Airlines battling to keep pace with evolving shipper needs

Airlines battling to keep pace with evolving shipper needs

Modal competition for air cargo is intense, says IATA chief Tony Tyler.

SHANGHAI — The air cargo industry is in a difficult transformation period as it struggles to adapt to a changing cargo mix and rising demands from customers for better shipment visibility and a more reliable service.

Air cargo is being used for ever-more sensitive goods, requiring greater speed, tighter security, and absolute temperature integrity. This has introduced new levels of complexity into the airborne supply chain that carriers are having difficulty managing.

The navel gazing of the industry was evident in the theme of the International Air Transport Association’s World Cargo Symposium that was held in Shanghai from Mar. 10-13, which was “improving the customer experience.” For many shippers, that experience could do with some improving.

Ericsson head of distribution logistics Robert Mellin, for instance, said he was “not happy.” The telecommunications giant spends $250 million on air freight every year and Mellin complained that he was not getting the kind of service he expected.

Jason Frerich, director of global logistics infrastructure and sustainability for Nike Inc., also said the air cargo business needed to improve.

A recurring complaint is the lack of real time information that enables shippers to react quickly to problems in the supply chain. Once an air cargo shipment is dispatched, the shipper often will only know it has not arrived when the destination customer calls to ask what happened.

“That is exactly what I don’t want. What I don’t need is to hear from the customer that the shipment has not arrived,” Mellin said.

While shippers try to manage their frustrations, the airline industry is being forced to improve by the changing cargo mix. The days of moving mainly boxes of software, domestic printers and desktop computers have gone forever, said Tony Tyler, director general of IATA.

As sea freight continues to capture lower value goods from airlines, rapidly growing pharmaceutical shipments are helping to make up for the loss. Tyler said the growth in demand for pharmaceutical product shipment has been one of the defining trends of the business in recent years.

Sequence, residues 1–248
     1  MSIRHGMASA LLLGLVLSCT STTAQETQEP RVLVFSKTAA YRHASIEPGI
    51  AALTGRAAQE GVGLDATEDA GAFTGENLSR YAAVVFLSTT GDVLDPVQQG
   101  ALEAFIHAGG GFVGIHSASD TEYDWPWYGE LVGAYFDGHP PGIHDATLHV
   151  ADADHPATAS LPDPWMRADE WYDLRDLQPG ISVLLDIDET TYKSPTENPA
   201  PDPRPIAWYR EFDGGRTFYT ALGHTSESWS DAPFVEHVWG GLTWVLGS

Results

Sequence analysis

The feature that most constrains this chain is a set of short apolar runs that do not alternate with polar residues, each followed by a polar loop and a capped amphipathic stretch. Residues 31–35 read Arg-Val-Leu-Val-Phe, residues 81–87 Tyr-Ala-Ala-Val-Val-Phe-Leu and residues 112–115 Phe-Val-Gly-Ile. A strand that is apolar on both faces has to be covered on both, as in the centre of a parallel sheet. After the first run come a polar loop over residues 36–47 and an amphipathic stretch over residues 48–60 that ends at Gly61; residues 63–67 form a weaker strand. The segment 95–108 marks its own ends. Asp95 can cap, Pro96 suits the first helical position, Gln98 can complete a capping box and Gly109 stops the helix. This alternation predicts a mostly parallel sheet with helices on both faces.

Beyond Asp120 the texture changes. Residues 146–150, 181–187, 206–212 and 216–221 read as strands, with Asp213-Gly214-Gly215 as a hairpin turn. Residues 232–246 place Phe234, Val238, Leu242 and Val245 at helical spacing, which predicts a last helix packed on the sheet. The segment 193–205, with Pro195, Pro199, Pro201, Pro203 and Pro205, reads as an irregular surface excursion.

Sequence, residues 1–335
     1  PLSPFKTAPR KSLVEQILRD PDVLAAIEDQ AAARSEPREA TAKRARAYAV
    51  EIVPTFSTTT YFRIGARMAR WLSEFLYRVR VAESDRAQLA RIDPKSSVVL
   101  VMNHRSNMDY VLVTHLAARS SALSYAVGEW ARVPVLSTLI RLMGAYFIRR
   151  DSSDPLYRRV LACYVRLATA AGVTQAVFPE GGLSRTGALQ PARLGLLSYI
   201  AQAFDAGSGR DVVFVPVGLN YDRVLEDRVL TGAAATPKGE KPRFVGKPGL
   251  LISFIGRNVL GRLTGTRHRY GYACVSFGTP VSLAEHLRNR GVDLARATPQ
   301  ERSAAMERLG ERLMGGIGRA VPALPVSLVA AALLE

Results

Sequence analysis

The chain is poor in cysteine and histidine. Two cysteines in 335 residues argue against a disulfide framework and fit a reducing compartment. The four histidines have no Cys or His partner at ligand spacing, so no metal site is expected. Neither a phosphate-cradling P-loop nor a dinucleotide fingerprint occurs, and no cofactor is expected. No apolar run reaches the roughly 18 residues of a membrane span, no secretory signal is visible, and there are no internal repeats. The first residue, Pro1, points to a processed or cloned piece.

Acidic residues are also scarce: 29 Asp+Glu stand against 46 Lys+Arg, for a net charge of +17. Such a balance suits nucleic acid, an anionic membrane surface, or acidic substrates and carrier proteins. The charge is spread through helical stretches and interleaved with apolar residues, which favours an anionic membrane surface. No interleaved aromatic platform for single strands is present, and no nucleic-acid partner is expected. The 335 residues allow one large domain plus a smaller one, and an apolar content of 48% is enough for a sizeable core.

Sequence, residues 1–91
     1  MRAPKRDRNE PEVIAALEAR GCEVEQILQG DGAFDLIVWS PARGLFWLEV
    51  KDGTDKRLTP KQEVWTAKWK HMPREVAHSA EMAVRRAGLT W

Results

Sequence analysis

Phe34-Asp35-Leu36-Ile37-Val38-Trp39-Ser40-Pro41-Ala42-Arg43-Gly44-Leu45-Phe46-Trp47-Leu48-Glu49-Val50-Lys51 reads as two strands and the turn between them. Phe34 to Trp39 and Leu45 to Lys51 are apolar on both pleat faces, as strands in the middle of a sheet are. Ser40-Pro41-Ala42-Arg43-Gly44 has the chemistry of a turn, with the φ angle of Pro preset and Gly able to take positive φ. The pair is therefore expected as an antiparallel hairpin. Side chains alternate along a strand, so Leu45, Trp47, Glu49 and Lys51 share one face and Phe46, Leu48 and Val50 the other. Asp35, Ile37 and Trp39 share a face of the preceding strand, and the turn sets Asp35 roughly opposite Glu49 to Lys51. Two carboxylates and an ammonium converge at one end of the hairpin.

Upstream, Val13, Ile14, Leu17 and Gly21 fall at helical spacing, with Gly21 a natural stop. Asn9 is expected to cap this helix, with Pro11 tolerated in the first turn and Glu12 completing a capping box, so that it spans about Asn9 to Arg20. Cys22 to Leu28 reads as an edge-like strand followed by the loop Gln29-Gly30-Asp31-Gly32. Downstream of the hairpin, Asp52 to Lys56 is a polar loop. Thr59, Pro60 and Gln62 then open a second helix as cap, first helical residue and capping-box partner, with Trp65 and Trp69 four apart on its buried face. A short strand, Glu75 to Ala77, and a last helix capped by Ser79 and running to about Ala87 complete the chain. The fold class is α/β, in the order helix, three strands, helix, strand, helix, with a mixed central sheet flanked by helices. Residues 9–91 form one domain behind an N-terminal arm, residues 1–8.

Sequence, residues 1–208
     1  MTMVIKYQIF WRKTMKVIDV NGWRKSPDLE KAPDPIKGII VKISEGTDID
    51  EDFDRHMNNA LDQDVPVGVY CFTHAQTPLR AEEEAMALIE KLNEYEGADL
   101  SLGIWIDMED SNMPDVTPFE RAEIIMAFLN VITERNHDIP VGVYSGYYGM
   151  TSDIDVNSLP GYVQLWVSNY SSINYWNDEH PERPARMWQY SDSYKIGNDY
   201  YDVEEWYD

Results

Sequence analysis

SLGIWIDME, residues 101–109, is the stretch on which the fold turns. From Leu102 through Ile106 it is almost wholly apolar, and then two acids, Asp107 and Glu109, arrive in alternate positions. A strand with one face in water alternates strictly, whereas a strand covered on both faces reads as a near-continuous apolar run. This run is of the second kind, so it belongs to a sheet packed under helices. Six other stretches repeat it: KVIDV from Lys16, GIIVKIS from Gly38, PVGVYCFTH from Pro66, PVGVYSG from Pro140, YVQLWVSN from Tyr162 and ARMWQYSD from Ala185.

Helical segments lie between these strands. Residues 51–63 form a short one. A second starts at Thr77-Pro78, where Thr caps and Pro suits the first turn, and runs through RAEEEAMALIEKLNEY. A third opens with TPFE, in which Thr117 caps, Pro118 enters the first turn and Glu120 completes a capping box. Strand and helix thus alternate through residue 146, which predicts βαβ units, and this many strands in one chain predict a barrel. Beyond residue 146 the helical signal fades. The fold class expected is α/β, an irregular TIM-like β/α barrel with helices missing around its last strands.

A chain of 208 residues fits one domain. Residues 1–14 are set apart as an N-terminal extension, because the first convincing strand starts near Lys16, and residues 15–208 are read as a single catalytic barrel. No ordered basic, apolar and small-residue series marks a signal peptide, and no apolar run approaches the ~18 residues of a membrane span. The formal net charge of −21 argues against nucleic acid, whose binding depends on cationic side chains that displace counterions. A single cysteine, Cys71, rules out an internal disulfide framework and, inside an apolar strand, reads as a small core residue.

“Pharma logistics is a $60 billion market that has been a boon for air freight, compensating for the decline in other goods that had previously been shipped by air,” he said at the World Cargo Symposium.

But transporting such time and temperature sensitive cargo requires a complex supply chain that is reliable and can be monitored in real time throughout.

“Our industry faces a twin-track challenge,” Tyler said. “In addition to their usual expectations for reliability and speed, customers need adequate facilities and handling procedures that guarantee a constant temperature range, and the absolute integrity of the package.

“If these challenges are not overcome, air cargo risks losing the opportunity presented by this huge market. For let’s be in no doubt, our modal competitors are working hard to win this business.”

Tyler said the industry was going through a transformation in its relationship with its customers. “There is a revolution going on, affecting every shipper, freight forwarder, airline, technology and service supplier to this industry,” he said.

“This transformation — which is in line with our call last year for a cut in average shipment times of up to 48 hours by 2020 — will help to recapture market share, drive high-value shipments to air transport, and help to restructure the industry so that revenues and margins both strengthen.”

Airlines also levelled a series of complaints against shippers. Leif Rasmussen, president and CEO of SAS Cargo, said the movement of goods from shipper to consignee was impacted by incorrect weight declarations, incorrect pallet size, missing shipment details, missing documents, and invoicing errors.

However, not everything is in the hands of airlines or their customers. As airline bosses, air cargo forwarders and shippers left the IATA event and headed out of Shanghai pondering how to cut time out of the supply chain, most experienced the now standard delays leaving Shanghai Pudong airport.

China’s air space is controlled by the military that grants commercial airliners narrow corridors in which to operate. This chronically congests the air space and with Shanghai being the mainland’s busiest airport, it ensures that nothing arrives or leaves the airport on time.

Contact Greg Knowler at gknowler@joc.com and follow him on Twitter: @greg_knowler.